Mindfulness physical therapy, pain management, rehabilitation

Amygdala Activity, Arterial Inflammation and CVD Events

Tawakol and colleagues used a longitudinal study design to examine resting amygdala metabolic activity, arterial inflammation and subsequent cardiovascular disease events in 293 adults without known cardiovascular disease at baseline.1 In a separate cross-sectional design, the relationship between perceived stress, amygdala activity, arterial inflammation and C-reactive protein was assessed.

Twenty-two patients had a cardiac event in the 3.7-year follow-up period. Amygdala activity was associated with increased bone marrow activity, arterial inflammation and risk of cardiovascular disease events. In the cross-sectional study, amygdala activity was significantly associated with arterial inflammation. Perceived stress was associated with amygdala activity, arterial inflammation and C-reactive protein, a measure of inflammation levels.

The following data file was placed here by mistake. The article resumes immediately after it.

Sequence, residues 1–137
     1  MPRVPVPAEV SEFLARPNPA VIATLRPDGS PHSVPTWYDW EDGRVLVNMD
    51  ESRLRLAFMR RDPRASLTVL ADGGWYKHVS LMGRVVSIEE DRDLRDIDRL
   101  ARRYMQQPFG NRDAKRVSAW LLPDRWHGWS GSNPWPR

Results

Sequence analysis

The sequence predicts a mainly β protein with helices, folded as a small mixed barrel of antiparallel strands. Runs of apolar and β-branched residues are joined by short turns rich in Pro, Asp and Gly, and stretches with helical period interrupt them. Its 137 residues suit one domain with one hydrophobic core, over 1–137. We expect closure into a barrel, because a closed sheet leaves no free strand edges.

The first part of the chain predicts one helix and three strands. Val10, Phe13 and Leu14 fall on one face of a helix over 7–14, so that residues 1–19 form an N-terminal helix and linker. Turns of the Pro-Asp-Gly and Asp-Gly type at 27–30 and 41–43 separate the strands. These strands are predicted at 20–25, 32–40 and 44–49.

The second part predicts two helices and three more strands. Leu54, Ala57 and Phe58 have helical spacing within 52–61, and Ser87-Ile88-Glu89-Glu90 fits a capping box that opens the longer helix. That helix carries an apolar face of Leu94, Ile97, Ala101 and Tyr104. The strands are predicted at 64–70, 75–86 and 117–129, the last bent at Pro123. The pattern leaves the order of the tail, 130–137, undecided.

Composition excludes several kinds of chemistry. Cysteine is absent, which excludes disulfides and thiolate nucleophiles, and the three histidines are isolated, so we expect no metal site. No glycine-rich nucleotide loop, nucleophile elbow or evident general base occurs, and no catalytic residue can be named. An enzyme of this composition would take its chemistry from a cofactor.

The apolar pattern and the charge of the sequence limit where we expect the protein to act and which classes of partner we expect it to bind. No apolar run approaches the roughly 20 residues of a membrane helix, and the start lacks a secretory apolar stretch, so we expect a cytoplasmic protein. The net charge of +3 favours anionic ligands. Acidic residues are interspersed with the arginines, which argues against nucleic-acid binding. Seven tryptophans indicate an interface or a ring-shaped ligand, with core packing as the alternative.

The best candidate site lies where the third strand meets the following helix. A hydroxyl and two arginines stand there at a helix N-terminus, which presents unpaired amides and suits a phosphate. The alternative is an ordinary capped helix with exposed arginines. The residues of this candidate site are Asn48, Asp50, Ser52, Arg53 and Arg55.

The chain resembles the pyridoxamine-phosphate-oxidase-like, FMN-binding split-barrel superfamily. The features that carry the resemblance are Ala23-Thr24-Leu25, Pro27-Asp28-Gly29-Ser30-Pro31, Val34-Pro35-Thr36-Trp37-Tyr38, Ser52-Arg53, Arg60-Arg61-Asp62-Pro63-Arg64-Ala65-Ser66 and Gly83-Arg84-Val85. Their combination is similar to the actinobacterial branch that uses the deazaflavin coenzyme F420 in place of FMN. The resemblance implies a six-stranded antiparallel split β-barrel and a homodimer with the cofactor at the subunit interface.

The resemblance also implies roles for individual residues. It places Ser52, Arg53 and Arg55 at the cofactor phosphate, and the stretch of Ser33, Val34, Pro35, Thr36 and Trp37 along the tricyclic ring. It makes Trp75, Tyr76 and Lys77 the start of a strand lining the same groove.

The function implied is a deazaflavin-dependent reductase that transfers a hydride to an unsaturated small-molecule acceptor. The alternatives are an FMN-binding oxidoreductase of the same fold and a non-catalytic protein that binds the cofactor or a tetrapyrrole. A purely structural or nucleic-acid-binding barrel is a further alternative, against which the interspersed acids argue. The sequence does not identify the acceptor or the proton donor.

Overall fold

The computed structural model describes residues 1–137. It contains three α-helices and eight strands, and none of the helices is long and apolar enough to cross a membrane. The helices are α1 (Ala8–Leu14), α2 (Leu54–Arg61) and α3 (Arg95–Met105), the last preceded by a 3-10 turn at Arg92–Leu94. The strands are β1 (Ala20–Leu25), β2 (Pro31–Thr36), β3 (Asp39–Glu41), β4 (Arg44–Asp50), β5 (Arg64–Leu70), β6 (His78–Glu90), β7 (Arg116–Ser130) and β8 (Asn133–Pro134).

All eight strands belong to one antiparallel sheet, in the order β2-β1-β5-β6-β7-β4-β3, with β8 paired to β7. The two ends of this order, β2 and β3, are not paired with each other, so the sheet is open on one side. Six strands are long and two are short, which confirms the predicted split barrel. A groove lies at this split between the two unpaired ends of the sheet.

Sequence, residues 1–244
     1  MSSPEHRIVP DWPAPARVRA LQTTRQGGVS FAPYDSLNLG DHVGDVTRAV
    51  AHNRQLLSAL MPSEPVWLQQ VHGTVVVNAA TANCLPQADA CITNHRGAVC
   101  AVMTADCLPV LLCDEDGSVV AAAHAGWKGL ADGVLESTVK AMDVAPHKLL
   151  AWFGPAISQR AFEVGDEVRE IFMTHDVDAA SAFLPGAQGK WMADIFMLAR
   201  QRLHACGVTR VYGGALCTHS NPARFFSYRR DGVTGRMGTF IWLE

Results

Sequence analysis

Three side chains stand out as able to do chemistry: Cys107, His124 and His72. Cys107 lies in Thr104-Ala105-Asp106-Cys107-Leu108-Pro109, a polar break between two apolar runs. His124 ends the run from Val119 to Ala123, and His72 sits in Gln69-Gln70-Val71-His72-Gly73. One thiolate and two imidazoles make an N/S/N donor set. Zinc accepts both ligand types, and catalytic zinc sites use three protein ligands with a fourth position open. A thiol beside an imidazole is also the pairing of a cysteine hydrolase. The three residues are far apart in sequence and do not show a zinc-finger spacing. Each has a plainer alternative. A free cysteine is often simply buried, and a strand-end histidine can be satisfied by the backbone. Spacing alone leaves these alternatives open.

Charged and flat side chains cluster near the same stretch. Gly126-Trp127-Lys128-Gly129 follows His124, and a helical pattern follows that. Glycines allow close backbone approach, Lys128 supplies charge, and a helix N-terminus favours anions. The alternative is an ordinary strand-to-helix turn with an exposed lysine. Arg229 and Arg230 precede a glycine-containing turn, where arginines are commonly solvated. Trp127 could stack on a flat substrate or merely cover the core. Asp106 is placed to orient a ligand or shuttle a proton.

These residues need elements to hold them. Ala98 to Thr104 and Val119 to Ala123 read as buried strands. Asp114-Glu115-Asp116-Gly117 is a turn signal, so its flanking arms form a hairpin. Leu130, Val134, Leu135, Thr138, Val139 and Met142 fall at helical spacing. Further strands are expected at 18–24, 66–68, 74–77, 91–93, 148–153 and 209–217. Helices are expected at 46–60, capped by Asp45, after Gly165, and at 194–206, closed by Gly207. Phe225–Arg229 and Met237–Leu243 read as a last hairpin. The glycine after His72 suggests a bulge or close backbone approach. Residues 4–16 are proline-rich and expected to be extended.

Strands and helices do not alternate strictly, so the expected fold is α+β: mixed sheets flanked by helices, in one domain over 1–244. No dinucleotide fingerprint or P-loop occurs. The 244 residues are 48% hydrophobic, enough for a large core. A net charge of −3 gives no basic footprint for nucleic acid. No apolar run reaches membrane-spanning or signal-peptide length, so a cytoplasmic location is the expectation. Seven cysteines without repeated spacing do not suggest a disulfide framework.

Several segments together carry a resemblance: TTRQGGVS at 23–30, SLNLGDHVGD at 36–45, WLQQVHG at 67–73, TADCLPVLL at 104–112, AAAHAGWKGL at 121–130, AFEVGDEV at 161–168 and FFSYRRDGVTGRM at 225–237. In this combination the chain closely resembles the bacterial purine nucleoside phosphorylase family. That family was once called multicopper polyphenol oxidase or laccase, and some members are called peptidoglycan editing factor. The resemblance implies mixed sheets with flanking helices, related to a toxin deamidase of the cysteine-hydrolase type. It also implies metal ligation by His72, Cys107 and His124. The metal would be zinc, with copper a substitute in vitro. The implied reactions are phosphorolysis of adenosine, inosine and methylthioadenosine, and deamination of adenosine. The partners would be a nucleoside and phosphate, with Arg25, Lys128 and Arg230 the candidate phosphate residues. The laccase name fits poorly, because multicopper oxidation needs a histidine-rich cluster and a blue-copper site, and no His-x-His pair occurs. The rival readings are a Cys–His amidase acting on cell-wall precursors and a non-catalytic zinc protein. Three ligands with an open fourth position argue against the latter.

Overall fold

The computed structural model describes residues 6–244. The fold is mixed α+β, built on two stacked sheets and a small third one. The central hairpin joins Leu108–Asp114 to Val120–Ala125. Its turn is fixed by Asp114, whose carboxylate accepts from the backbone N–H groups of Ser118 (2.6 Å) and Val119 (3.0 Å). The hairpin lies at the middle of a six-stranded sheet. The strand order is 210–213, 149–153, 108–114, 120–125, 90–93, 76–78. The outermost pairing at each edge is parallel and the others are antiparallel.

This is the first study to link amygdala activity to subsequent cardiovascular disease and illuminate a physiological mechanism associated with this relationship. Researchers also suggest the possibility that efforts to reduce psychosocial stress could have a beneficial influence on this process.

In addition, authors propose that increased amygdala activity and the subsequent elevated inflammatory response could be implicated in other medical conditions impacted by inflammation. If this is the case, the increase activation of bone marrow and ensuing release of pro-inflammatory mediators could contribute to processes that give rise to persistent pain conditions in patients with high levels of perceived stress.

1Tawakol A, Ishai A, Takx RA, et al. Relation between resting amygdalar activity and cardiovascular events: a longitudinal and cohort study. Lancet. 2017;389 (10071):834-845.